Mater negotiators don’t become like that overnight. It’s a skill that they’re constantly developing and honing. If you want to master what is indeed the art of negotiation, there are some daily exercises you’ll have to go through in order to build up your repertoire.
Wherever it is you go where something is up for sale, you need to enquire about the price. Even if one is clearly displayed, enquiring about whether that is indeed the “final” price will at the very least serve as an indicator of the possibility of negotiation. “How much do you want to give me for it?” is often a question that makes for some music to the ears of master negotiators because then they know that they can save some money.
What this constant enquiry does for you as well is it paints a much clearer picture of the true value of pretty much anything and everything, which is closer to what sellers are ultimately willing to sell for.
Feigning a Non-Interest in Buying
If you’re really interested in buying then feign a non-interest in buying. This will almost always land you the lowest possible price you can get for whatever it is you want and you can push your luck all the way. I swear – walk away if you have to and maybe come back a few short moments after you’ve been offered the “final-final, final” price. That’s how I was able to get a souvenir for a fifth of the initial dummy price, something which perhaps makes for a story for another post.
Broadening the scope of application
Just as is the case with pretty much every industry that sees many successes and many more failures, the difference between success and failure isn’t one which can be seen with glaring obviousness. The game isn’t won on the field, to make use of a professional sports analogy. Rather, it’s won behind the scenes where all the preparation takes place, such as in the boardrooms where top management holds its meetings, in the personnel transfer market where all types of employees are hired and let go, and on the practice field.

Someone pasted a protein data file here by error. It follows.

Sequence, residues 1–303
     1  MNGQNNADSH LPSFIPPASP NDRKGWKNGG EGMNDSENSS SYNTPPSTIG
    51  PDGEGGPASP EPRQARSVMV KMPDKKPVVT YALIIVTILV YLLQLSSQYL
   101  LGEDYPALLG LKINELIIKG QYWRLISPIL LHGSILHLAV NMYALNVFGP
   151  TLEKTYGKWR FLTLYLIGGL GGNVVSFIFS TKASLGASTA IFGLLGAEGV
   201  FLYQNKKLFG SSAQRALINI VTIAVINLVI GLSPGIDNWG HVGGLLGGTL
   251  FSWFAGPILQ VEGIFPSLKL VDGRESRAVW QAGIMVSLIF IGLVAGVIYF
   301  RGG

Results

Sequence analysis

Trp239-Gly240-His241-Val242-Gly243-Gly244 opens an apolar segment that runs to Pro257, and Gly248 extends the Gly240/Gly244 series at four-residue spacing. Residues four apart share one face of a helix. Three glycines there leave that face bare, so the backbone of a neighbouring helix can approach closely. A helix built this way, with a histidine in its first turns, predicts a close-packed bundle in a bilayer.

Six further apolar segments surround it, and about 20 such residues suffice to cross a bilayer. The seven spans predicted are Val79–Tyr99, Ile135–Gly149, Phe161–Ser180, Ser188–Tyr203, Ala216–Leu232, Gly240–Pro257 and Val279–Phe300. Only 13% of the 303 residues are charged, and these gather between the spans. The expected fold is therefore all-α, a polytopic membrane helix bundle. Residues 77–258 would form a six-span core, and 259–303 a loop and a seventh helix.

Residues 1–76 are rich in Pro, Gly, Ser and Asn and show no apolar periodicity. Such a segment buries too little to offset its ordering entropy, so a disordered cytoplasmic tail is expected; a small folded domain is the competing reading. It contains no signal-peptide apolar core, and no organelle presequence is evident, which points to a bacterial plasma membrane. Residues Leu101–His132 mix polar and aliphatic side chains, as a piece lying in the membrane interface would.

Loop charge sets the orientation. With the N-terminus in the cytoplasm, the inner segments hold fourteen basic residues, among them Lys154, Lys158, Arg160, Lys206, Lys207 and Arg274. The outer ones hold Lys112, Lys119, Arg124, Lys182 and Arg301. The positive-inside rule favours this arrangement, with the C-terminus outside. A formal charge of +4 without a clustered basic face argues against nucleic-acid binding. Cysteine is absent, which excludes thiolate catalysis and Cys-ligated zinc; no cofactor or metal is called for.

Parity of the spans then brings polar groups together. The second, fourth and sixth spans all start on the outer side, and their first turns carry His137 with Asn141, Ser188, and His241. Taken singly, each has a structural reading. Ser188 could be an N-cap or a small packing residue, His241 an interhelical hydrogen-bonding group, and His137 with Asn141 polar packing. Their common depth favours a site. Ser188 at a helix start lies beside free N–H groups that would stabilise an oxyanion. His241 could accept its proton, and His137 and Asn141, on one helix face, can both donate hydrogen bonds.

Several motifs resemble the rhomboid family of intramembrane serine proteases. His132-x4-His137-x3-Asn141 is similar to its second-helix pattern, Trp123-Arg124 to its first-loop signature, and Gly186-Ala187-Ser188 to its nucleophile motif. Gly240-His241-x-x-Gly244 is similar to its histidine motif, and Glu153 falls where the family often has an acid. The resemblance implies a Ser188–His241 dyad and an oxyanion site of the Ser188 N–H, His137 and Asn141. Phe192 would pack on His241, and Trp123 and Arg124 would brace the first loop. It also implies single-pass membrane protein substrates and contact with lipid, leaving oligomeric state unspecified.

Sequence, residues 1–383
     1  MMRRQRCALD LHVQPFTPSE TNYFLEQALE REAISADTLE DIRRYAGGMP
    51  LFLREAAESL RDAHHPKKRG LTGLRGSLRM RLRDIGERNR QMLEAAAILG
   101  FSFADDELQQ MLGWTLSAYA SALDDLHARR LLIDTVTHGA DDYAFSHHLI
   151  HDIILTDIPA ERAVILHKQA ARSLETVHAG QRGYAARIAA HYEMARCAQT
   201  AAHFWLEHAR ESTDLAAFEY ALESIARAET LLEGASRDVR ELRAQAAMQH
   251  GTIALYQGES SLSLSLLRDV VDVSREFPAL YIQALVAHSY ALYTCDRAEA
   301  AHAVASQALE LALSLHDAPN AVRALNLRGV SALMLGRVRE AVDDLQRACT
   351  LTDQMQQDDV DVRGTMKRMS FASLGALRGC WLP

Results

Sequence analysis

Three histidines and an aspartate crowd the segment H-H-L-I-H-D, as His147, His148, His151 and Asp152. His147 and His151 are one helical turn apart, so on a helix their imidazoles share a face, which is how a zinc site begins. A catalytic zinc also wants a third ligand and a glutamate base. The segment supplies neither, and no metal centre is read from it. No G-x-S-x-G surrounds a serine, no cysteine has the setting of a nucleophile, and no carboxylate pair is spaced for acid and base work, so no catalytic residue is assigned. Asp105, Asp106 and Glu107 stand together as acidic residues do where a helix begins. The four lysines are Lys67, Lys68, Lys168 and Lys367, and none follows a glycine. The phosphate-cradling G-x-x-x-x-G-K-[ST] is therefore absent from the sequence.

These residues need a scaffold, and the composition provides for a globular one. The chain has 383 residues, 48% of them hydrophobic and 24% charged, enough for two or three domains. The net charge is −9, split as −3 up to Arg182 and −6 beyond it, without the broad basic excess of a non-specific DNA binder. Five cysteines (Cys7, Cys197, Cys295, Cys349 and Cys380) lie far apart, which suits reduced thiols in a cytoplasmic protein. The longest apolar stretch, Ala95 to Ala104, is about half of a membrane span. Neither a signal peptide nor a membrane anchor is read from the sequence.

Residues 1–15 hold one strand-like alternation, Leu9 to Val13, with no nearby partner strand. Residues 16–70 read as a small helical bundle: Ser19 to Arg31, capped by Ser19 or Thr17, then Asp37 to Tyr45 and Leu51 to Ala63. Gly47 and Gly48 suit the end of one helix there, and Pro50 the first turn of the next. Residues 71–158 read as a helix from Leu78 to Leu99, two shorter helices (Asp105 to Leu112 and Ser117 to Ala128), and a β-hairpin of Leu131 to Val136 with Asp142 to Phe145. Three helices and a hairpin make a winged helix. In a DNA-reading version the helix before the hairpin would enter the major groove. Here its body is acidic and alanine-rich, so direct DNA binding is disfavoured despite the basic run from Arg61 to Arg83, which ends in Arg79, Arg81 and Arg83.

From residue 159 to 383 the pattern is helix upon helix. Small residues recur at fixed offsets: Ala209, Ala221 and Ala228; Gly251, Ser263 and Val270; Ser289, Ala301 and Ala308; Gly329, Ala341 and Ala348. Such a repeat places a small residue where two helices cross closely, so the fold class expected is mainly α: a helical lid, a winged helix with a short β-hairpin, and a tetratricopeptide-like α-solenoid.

With this in mind it becomes imperative to broaden one’s scope of the application of their honed negotiation skills. It’s not exclusively about getting a better deal through hard-bargaining, but rather about the underlying ability you develop to be able to better assess value and formulate meaningful connections as well.
For example, if you do your special occasions shopping via an online birthday gifts store, a practice which would naturally afford you the advantage of being able to source the best value-for-money deals, whenever you find yourself in a situation wherein you’re presented with birthday gifts to buy in a specific physical location, you will be in a strong position to negotiate a better deal. This because you inherently know how much certain items in question should ordinarily cost. You will also know whether or not it isn’t better to just walk away and bide your time.
So it’s a continuous internal negotiation process which you don’t always have to articulate outwardly.